I thought I had dodged a bullet. I had stopped using heroin intravenously in the early ’70s and tested HIV negative. My husband wasn’t so lucky – he died of complications from AIDS in 1987, two years after our son died from SIDS. I started going to Narcotics Anonymous and Alcoholics Anonymous after my husband died, and I still go to about four meetings a week. I have a real compulsive personality and need all the help I can get.
But once I got back on my feet, I had to face another problem. All of my friends have been gay since I stopped using heroin. They were so good to me, rescuing me from my former life. So when they started getting sick, it was my turn to help them. I also experienced a very real fear of abandonment. My dearest friends were going to leave me, but they weren’t going anywhere if I could help it. I was all about trying to control the situation. I believed that if the government could put a man on the moon, they could find a cure for HIV. For the most part, nobody in power really cared about the group of people who were affected by HIV: first gay men, then IVDUs and people of color. I had been an activist in high school, protesting the Vietnam war. I am an old leftie and I am good at it. So, before my husband died, we founded AIDS Action Baltimore (AAB) – and I’m still the AAB President 25 years later.
Then in 1996, I experienced yet another blow. I was diagnosed with breast cancer. I underwent two surgeries and nine months of chemo and a month of radiation. In the middle of the chemo, my ALTs (a liver function test) started to go up and never really came back to normal levels. I haven’t been able to walk up two flights of stairs since that time. I’ve always complained to doctors about being tired and exhausted. When I’ve told them what my schedule is like, they’ve just said, “no wonder you’re tired.” Nobody really paid attention to my complaints. But I kept feeling weaker and weaker. When I had my family over for the holidays, I had to prepare everything days before. If I tried to get things together the same day, I wouldn’t be able to get off the couch by the time company arrived.
Finally in 2006, my primary care doc did an HCV (hepatitis C virus) test because my ALTs continued to increase a little more every year. They weren’t in the danger zone, but something was wrong. When the HCV test came back positive, I was glad to know I hadn’t been crazy all those years – something really was the matter. But I also felt terrible about the HCV diagnosis. I felt contaminated. I had been out of “the life” for many years and was finally feeling better about myself. Here was yet another diagnosis slapping me in the face once again. It was nice to have a cause for my symptoms, but not at the expense of having another potentially life-threatening disease.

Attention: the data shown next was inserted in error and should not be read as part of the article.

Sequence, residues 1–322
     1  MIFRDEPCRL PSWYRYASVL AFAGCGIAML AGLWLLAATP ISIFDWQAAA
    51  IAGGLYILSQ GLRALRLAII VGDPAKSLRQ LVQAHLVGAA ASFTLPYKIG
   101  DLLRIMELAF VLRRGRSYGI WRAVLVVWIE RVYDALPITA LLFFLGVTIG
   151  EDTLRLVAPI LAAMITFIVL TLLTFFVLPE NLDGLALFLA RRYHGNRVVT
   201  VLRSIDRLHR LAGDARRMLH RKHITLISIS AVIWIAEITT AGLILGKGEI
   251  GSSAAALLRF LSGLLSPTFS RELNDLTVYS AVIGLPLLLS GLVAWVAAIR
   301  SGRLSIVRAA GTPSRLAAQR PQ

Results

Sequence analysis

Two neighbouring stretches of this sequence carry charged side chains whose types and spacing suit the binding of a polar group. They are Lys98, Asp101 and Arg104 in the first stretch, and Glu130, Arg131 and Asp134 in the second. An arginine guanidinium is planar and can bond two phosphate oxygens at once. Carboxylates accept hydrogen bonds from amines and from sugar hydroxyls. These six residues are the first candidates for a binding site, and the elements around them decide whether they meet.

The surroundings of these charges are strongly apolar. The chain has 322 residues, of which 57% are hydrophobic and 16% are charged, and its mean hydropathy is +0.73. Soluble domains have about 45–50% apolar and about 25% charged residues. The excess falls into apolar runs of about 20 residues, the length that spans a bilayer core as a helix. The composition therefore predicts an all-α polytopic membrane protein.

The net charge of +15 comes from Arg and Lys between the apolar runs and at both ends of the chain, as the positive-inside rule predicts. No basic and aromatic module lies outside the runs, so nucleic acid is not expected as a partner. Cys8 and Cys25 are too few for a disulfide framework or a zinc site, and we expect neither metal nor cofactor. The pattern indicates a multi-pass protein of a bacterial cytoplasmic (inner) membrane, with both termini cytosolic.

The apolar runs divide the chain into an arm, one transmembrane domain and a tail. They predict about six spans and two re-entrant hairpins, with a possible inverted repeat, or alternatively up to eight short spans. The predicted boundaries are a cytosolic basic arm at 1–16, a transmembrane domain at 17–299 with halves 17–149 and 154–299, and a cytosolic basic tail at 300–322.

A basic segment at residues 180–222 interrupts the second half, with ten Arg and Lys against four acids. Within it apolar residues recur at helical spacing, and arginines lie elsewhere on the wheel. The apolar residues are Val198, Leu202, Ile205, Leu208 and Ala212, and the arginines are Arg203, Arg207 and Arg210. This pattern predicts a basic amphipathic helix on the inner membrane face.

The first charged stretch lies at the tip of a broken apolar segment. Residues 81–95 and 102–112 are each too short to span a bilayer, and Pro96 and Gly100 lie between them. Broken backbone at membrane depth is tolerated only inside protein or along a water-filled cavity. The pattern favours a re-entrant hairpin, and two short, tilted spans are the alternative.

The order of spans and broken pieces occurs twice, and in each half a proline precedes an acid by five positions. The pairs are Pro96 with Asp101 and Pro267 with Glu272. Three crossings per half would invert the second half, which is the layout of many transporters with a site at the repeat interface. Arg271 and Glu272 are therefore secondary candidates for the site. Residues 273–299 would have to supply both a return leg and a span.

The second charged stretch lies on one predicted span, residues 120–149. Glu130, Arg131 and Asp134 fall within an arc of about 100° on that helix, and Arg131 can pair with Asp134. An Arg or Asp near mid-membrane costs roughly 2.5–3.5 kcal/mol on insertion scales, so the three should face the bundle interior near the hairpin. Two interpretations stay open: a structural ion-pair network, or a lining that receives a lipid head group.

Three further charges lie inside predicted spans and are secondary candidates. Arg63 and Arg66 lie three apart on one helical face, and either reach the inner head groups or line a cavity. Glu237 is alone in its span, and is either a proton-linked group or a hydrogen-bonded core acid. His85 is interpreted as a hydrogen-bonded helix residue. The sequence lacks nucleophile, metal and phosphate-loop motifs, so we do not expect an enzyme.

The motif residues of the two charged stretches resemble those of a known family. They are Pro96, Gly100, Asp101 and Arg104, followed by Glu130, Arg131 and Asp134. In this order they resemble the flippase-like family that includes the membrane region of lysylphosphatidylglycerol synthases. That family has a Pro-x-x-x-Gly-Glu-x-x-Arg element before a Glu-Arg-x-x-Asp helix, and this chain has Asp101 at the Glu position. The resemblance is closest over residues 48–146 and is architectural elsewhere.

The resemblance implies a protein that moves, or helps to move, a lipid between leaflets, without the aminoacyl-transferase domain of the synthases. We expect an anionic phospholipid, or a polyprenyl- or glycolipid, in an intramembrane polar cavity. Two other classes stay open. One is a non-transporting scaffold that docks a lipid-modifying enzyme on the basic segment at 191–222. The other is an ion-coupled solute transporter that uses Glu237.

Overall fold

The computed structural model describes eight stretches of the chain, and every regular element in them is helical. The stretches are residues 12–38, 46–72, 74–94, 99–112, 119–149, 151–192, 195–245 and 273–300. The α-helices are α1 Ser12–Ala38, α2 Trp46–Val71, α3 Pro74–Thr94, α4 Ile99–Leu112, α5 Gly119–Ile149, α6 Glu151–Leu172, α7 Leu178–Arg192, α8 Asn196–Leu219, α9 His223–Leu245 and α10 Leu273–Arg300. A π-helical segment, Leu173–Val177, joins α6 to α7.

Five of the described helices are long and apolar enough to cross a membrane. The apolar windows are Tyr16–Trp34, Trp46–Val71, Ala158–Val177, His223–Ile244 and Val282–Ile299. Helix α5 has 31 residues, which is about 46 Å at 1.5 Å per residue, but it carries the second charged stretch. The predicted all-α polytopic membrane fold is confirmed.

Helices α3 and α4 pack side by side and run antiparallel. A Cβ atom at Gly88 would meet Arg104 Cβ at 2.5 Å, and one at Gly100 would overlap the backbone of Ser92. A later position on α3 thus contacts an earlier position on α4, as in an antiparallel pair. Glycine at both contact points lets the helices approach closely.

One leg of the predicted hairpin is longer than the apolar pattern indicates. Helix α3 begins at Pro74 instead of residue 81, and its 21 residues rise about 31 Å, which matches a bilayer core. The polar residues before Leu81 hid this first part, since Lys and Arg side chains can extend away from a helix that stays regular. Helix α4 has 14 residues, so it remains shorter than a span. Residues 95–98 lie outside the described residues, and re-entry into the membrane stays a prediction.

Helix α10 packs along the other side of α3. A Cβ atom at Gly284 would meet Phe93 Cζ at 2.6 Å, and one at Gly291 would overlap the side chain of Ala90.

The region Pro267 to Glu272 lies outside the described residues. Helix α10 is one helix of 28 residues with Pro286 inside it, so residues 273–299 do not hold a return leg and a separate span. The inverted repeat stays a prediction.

I went to Dr. Dave Thomas at John Hopkins. Dave is a renowned national and international HCV physician and researcher and Chief of Infectious Diseases Division at Johns Hopkins. He kept telling me, contrary to what my friends said, that I didn’t need a liver biopsy unless I wanted to start treatment. He suggested we use the HCV FibroSURE test instead.
FibroSURE looks at results from a number of liver tests, essentially averages them out and provides a projection of liver fibrosis score that indicates the amount of liver damage (fibrosis). I had a blood draw every six months and my levels were pretty much the same for a long time.
I decided not to take any HCV regimens containing interferon (INF). INF is part of the current standard of care for HCV treatment. I was afraid of the many side effects associated with INF. I had survived chemo, but I was older now, and much more beat up. I knew I couldn’t tolerate the psych side effects. If I was any more anxious and depressed, I would be out in the street with a machine gun! I just couldn’t handle being even worse mentally. I also knew that the anxiety and depression remained for many people even after INF treatment was completed.
I did know people who took INF and didn’t have horrible side effects. But although drugs are usually very effective for me, I always experience a lot of side effects. Moreover, I knew that I couldn’t afford to take off work for even part of the 48 weeks of required treatment. Everybody thinks of me as a strong dog, but physically I am pretty beat up from years of abuse.
I also knew that new INF-sparing drugs, called direct antiviral agents (DAAs), were coming down the pike. Because I was ready to think about starting treatment with one of these new regimens, I got a liver biopsy in 2008. My symptoms were getting worse. I recall going to a Hepatitis Community Advisory Board meeting where I was so exhausted I couldn’t even walk up a hill. I thought “I can’t live like this anymore.” I tried to stop traveling so much, which again is a joke in the activist arena. I knew it was time for me to do something to help myself.
I was on the lookout for the best new available HCV drug combination. Two new HCV protease inhibitors had just been approved, Incivek and Victrelis, but they had to be taken with interferon as well as ribavirin (RBV). Incivek and Victrelis plus INF/RBV treatment is worse than INF/RBV alone.